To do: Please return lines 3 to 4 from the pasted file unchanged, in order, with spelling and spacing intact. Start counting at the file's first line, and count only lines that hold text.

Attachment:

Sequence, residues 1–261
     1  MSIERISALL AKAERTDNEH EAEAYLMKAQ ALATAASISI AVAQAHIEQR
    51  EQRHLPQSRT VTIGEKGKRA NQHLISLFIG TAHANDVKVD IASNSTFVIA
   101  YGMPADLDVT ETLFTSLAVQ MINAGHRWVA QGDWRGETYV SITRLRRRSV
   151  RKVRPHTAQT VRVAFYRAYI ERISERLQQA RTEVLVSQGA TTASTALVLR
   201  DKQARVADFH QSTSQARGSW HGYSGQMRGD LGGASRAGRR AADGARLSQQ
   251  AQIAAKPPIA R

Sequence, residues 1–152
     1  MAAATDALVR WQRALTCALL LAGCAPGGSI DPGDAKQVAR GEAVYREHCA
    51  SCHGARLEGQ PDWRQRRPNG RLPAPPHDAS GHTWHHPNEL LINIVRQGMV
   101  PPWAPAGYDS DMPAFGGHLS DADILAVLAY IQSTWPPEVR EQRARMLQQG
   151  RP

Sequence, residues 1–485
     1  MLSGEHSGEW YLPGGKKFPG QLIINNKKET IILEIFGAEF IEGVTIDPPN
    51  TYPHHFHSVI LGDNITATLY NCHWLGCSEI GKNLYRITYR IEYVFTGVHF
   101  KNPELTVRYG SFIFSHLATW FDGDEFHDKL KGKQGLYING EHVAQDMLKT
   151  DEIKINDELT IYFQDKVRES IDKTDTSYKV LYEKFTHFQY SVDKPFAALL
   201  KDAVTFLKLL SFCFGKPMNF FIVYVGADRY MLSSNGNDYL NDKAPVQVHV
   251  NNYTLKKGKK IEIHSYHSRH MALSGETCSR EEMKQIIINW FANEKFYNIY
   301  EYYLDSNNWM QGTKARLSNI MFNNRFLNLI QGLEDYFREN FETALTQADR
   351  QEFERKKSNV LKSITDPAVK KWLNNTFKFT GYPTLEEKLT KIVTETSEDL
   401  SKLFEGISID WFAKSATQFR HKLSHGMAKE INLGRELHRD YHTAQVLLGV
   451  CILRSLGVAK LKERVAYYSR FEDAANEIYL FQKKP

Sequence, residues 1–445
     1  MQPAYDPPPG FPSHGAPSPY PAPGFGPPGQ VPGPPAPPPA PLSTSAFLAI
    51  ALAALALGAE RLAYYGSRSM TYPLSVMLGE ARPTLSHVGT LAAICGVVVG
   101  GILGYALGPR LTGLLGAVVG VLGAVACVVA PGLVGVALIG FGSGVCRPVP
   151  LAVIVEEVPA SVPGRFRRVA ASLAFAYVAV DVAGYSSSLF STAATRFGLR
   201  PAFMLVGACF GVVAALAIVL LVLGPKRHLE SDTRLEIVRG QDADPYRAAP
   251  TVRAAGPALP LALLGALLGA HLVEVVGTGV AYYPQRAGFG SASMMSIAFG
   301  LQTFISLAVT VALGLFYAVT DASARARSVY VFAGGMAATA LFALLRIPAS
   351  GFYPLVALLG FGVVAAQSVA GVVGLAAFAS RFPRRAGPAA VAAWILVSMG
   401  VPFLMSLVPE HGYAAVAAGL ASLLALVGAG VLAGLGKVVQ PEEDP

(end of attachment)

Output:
    51  EQRHLPQSRT VTIGEKGKRA NQHLISLFIG TAHANDVKVD IASNSTFVIA
   101  YGMPADLDVT ETLFTSLAVQ MINAGHRWVA QGDWRGETYV SITRLRRRSV